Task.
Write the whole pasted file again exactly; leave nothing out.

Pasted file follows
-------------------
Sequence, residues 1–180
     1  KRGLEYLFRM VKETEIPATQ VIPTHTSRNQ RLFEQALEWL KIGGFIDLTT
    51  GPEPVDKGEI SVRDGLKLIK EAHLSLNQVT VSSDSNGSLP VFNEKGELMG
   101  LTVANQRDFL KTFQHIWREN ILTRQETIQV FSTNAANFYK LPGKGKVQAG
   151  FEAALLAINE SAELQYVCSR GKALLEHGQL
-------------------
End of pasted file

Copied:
Sequence, residues 1–180
     1  KRGLEYLFRM VKETEIPATQ VIPTHTSRNQ RLFEQALEWL KIGGFIDLTT
    51  GPEPVDKGEI SVRDGLKLIK EAHLSLNQVT VSSDSNGSLP VFNEKGELMG
   101  LTVANQRDFL KTFQHIWREN ILTRQETIQV FSTNAANFYK LPGKGKVQAG
   151  FEAALLAINE SAELQYVCSR GKALLEHGQL